MRI has demonstrated clinical applicability and improved diagnostic capability in the musculoskeletal system to a degree rivaling its success in the neurologic system. For certain regions such as the joints, the superficial nature of these structures is ideal for the application of localized radiofrequency coils, enabling considerably improved signal, spatial resolution, and detectable contrast. The multiplanar capability is often invaluable in assessing such regions as the weight-bearing surfaces of the hips. It has been shown to be the most sensitive single test for diagnosing avascular necrosis, and has yielded very high resolution images of the internal architecture of the joints and soft tissues in an entirely noninvasive manner and without the need for the administration of exogenous contrast agents. Short TE images are quite useful in evaluating fatty background regions of interest, such as the bone marrow and subcutaneous tissue, whereas long TR and TE studies are frequently more suitable for soft tissue pathology. The lack of ionizing radiation and the continued failure of intensive research to disclose any deleterious effects at the levels used for clinical diagnostic imaging make this tool especially appealing for application to the pediatric population. With the continual development of new pulsing sequences, contrast agents, and further advances in imaging/spectroscopic correlation, magnetic resonance imaging of the musculoskeletal system is ensured of a solid role in the clinical diagnostic evaluation of the pediatric population.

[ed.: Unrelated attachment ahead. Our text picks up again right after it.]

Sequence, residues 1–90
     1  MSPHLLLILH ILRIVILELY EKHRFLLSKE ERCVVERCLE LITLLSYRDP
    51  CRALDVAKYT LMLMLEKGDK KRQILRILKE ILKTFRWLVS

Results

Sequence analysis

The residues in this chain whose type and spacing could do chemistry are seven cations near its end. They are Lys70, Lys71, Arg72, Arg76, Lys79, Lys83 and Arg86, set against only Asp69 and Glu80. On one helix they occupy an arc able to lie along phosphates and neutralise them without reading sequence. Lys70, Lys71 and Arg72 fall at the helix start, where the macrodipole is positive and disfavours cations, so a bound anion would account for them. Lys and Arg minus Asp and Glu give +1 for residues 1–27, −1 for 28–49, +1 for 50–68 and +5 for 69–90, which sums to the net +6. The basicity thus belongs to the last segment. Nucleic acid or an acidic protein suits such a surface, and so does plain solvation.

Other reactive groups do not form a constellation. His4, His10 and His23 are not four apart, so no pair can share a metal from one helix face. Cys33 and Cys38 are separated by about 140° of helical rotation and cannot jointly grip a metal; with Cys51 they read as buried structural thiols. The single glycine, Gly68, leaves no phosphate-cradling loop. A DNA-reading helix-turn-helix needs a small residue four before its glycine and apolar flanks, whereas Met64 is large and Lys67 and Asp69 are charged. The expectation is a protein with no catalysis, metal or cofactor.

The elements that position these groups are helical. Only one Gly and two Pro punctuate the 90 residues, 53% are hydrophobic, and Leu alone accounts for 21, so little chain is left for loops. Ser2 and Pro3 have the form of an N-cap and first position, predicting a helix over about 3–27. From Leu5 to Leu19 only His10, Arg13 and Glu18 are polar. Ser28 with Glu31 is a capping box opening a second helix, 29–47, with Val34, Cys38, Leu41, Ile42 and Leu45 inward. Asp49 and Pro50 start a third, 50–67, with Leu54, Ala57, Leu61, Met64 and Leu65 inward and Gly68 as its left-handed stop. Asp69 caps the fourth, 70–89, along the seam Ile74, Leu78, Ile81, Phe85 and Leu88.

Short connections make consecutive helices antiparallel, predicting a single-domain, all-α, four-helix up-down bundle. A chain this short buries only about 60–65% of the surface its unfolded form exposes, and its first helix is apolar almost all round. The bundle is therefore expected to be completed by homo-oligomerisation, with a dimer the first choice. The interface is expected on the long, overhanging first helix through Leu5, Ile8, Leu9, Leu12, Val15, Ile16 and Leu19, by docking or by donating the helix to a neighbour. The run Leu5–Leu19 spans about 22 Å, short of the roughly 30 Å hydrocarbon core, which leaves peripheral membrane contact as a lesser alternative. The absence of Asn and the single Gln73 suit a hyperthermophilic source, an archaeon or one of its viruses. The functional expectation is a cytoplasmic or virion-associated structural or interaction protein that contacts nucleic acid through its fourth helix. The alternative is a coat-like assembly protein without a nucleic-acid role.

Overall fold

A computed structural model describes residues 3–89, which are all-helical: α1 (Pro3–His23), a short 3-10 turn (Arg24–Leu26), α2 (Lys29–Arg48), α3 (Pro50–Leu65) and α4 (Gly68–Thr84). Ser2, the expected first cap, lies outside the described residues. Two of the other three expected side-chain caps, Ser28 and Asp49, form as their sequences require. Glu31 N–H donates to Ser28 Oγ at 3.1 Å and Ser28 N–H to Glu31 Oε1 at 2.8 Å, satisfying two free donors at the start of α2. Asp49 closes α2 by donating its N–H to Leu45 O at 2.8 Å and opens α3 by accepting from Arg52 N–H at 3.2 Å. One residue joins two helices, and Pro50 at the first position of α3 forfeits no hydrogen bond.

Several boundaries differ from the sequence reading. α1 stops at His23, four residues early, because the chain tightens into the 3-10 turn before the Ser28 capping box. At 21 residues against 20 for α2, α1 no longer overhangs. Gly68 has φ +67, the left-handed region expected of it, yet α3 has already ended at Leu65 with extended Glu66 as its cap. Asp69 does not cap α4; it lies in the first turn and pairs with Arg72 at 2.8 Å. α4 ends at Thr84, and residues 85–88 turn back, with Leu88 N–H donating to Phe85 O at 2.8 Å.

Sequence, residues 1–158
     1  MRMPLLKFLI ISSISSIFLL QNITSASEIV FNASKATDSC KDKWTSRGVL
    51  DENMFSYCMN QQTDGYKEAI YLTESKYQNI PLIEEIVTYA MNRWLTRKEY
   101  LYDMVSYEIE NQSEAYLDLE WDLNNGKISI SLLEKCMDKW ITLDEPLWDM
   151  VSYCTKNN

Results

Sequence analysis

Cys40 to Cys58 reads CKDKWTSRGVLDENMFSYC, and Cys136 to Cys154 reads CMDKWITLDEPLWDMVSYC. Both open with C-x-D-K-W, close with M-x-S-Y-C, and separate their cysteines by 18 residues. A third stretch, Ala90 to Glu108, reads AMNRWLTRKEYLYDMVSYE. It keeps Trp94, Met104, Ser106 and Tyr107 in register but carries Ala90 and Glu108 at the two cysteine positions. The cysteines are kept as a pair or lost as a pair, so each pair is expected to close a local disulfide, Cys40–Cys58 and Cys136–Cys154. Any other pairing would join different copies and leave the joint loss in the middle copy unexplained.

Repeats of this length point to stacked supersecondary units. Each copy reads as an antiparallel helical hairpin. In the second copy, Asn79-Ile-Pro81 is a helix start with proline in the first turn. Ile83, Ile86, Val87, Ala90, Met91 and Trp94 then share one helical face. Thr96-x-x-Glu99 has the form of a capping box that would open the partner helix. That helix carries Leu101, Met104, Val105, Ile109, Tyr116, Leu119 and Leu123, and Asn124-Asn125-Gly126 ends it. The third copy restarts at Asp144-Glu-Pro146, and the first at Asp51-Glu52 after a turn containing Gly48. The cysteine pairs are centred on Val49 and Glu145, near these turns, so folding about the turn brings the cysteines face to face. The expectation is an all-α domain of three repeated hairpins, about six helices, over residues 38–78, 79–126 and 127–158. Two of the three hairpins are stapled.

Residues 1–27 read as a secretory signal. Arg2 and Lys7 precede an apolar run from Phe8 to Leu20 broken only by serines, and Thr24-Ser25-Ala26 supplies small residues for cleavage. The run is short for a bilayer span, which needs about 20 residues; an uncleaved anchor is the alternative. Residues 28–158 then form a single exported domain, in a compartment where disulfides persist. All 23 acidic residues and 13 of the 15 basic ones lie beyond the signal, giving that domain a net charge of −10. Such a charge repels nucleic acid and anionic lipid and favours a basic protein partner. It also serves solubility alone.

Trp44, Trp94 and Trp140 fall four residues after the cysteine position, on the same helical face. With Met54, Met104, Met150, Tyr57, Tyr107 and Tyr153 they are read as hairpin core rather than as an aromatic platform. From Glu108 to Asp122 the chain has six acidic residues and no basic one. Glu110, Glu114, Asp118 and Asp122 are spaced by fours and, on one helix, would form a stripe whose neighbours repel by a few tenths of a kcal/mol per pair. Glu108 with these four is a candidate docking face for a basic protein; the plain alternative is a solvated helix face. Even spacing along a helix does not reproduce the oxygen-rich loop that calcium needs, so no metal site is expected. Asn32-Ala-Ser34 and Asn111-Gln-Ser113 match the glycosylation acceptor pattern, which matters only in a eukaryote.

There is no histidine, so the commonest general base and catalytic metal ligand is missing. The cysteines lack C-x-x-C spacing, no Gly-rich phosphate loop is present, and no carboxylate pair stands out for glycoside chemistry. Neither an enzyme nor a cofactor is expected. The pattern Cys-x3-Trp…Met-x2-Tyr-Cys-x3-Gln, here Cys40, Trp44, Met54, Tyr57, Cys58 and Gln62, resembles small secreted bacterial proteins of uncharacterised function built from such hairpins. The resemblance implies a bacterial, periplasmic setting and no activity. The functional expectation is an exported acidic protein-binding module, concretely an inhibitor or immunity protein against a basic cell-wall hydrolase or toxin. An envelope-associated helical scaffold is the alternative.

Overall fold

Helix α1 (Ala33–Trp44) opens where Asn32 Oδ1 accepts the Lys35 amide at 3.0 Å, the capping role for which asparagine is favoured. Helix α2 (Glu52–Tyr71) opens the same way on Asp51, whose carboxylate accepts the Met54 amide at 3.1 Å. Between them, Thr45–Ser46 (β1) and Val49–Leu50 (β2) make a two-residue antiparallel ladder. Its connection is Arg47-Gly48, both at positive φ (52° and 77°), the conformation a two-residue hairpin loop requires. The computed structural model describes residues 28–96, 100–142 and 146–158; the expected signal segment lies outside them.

|Original language||English (US)|
|Number of pages||29|
|Journal||Radiologic Clinics of North America|
|State||Published - 1988|
ASJC Scopus subject areas
- Radiology Nuclear Medicine and imaging
- Radiological and Ultrasound Technology